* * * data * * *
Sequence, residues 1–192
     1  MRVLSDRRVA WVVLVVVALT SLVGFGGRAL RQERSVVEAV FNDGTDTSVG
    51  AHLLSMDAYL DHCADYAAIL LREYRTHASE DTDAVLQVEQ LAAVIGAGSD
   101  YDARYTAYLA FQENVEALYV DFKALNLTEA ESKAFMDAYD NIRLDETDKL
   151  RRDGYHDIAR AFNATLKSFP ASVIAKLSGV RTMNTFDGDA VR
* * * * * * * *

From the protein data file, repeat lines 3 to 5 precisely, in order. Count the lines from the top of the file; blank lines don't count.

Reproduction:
    51  AHLLSMDAYL DHCADYAAIL LREYRTHASE DTDAVLQVEQ LAAVIGAGSD
   101  YDARYTAYLA FQENVEALYV DFKALNLTEA ESKAFMDAYD NIRLDETDKL
   151  RRDGYHDIAR AFNATLKSFP ASVIAKLSGV RTMNTFDGDA VR